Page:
The iconic restaurant has over the years maintained its popularity and amassed an impressive number of reviews on renowned travel website Trip Advisor with the majority of travellers rating both the food and service at the esteemed establishment as excellent and very good. Prior to the international public health crisis, a simple drive by the ideally located restaurant was evidence of its successes as the much-loved restaurant was always bustling with people and animated by the sounds of chatter and laughter.

“Since the gradual lifting of restrictions on May 4, the Boat House has resumed business, offering take-away services for it’s à la carte menu and rearranging the restaurant floor so as to maintain social distancing when restrictions on restaurants and bars were lifted,” manager Nicole Mancienne explained.

“We have seen a massive drop in business and since the pandemic have had to refocus and cater to the new normal. The local market is really strong however, so we are focusing on bringing in the locals through special deals and reduced pricing,” Miss Mancienne said.

In a bid to attract local clientele, the iconic restaurant and bar has also modified its menu, and for the moment struck the extravagant Creole buffet off. For the present moment, it is no longer serving breakfast and adjusted its operating hours to accommodate the local clientele, who have over the past couple of weekends flocked to the bar, for what Miss Mancienne referred to as “chill sessions”, leading management to take the decision to add to its menu bar snacks and favourites.

Despite the decline, Miss Mancienne is hopeful that the new normal can present a good business opportunity provided business owners and leaders are capable to take decisions to innovate and adapt to the often dynamic and volatile business market. In the case of the Boat House, management has been quick to take important decisions not only to redirect its focus towards the local market, but also to meet the demands of the market, and promise exciting things in the pipeline if all goes as planned.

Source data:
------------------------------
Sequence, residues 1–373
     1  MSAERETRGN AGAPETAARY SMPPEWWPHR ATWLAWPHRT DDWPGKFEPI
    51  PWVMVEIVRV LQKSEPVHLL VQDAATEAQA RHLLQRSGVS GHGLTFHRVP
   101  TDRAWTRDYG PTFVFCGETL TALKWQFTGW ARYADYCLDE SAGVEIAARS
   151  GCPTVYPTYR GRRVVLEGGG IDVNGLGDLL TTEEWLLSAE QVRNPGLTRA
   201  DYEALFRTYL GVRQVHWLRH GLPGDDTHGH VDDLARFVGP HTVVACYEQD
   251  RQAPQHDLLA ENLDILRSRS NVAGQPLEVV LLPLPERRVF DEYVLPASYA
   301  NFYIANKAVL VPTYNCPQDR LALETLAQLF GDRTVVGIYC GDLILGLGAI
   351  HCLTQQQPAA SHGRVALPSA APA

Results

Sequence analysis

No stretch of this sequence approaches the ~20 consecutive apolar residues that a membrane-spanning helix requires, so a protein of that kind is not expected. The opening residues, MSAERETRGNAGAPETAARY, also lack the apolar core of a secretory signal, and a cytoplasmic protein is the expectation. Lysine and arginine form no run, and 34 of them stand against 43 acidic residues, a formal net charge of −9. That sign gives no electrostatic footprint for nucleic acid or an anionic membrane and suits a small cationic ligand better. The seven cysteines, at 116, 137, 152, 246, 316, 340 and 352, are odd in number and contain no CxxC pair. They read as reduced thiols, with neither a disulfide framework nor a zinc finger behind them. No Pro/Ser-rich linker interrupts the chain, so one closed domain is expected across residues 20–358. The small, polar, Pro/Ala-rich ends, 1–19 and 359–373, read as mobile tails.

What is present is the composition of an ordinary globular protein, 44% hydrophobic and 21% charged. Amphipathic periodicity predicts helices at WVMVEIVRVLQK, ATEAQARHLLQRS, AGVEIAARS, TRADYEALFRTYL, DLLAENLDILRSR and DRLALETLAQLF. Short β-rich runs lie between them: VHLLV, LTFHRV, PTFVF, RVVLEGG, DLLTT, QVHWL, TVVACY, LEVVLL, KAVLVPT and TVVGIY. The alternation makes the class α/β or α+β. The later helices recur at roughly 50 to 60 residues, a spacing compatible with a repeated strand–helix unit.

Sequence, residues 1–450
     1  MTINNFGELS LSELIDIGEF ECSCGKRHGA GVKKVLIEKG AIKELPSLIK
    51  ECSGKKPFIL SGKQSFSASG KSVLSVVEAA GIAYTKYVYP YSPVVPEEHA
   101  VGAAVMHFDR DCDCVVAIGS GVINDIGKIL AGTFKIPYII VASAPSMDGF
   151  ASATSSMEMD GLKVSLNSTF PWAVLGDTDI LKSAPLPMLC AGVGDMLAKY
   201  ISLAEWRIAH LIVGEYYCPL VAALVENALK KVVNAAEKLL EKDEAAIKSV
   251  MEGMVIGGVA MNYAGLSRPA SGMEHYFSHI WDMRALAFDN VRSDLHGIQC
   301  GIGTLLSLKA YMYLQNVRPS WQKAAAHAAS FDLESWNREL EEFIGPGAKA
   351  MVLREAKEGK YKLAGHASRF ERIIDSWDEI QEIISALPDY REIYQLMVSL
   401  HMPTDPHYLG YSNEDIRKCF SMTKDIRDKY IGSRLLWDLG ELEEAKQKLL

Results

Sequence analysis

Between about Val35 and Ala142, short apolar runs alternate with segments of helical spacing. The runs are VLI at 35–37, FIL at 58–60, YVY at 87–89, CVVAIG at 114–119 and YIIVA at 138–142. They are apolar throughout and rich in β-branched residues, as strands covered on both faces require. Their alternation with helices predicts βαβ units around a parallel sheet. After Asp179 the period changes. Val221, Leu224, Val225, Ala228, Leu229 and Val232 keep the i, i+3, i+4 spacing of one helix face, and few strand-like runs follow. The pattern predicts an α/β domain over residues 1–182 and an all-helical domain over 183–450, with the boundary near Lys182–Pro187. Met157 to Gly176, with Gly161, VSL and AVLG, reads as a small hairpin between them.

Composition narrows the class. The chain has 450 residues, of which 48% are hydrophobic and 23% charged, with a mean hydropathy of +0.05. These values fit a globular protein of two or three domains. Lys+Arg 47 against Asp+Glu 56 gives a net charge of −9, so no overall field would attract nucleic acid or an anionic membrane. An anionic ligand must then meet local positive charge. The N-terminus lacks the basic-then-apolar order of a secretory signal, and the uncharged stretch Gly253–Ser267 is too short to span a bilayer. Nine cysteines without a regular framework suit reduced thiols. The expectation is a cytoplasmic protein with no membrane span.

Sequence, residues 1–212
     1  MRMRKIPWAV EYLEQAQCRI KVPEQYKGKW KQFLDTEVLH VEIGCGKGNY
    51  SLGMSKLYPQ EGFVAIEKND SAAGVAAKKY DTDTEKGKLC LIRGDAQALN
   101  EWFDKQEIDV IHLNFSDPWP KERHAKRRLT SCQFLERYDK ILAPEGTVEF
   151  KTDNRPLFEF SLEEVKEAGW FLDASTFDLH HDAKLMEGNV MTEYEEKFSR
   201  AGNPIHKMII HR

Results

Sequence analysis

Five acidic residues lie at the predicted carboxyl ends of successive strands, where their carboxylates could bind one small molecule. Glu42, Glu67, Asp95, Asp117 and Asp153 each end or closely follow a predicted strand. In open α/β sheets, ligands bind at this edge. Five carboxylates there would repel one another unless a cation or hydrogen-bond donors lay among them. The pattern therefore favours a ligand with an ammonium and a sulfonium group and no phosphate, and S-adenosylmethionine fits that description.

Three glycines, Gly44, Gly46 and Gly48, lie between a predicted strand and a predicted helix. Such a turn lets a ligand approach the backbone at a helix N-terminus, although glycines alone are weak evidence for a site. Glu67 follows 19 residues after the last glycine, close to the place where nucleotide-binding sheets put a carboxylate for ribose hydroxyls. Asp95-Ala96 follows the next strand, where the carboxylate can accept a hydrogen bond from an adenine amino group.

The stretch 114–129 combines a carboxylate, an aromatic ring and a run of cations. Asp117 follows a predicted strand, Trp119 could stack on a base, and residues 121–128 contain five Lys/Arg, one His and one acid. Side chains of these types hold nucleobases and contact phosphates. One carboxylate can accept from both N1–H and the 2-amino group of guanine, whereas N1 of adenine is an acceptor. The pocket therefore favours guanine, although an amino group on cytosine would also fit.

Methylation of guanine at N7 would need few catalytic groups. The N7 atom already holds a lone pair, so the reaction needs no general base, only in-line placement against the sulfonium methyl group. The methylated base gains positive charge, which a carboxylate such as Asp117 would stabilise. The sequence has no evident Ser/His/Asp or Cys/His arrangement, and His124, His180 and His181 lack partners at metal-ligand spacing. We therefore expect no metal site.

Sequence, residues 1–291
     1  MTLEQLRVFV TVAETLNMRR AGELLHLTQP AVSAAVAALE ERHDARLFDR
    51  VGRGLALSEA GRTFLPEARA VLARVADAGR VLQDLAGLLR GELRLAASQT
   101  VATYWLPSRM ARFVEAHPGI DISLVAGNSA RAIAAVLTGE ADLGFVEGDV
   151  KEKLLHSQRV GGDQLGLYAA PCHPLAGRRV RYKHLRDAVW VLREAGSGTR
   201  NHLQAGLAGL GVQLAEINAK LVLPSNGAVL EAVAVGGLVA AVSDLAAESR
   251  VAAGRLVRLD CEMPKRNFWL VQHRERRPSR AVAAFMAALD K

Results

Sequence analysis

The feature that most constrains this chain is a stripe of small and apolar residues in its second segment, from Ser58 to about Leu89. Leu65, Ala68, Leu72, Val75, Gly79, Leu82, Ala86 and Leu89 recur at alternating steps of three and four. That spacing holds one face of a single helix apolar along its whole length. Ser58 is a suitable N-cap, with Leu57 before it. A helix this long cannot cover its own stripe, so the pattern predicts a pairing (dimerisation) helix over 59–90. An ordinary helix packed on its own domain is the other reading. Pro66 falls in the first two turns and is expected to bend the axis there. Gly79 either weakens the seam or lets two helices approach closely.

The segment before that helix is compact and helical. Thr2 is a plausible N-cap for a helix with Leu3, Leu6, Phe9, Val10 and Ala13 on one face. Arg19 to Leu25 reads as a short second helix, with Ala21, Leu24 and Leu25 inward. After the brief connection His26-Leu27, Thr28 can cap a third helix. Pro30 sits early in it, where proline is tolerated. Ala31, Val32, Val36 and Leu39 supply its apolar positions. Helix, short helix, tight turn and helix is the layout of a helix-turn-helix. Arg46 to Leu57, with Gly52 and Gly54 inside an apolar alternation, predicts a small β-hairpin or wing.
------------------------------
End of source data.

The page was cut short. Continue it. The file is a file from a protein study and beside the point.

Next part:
Passion Service - Boat excursions and beach bed hire

Just a stone’s throw away from the Boat House restaurant, the Golden Mile, a famous location for some of the islands’ most major events, is almost silent with barely any traffic circulation and leisure-hunters except for those accessing the food truck in the car park.

Ricky Jules Sultan, better known as Ras Ricky, runs one of the many kiosks found along the mile, from which he offers boat excursions and beach bed hire for the hundreds of visitors who used to grace the shores in search of tans, sea adventures and to interact with locals.

Even with barely anyone moving around, Ricky and his team have been faithfully putting out beach beds as usual, offering them to locals at a reduced price.

“Before the COVID-19 pandemic, so I have seven umbrellas and fourteen chairs, and all of them would be rented out. I need to target the domestic economy and go into business with my own people, who also like to access these services and come down to the beach and spend the day like visitors do,” he noted.

While it has been fairly easy to attract locals to rent out the beach beds and body boards which he also offers, it is harder to attract them for excursions and boat charters, although Ricky has a pool of returning clients he can in some ways depend on.

Passion Service has in its fleet eight boats, all of which are tied up at the moment, and incurring costs, including maintenance costs, as well as salary payments for others employed in the business among others.

On the upside, Ricky, a renowned artist, has been making use of the free time on his hands to record another album and new material.

“I think business might start to pick up around October. The gradual lifting of restrictions on the borders and the way in which the department of health is managing the travel situation gives some hope that things will eventually settle and business will resume,” Ricky said.

He added that he hopes that concerned authorities are more open to accommodating new business ideas such as licensing beach bed hire to further encourage entrepreneurship and in turn, the economy can benefit from tax revenues.

The accompanying photos taken by our photographer Thomas Meriton show the efforts some businesses have gone through to abide by health guidelines and requirements in this ‘new normal’ period.

 

Christophe Zialor & Laura Pillay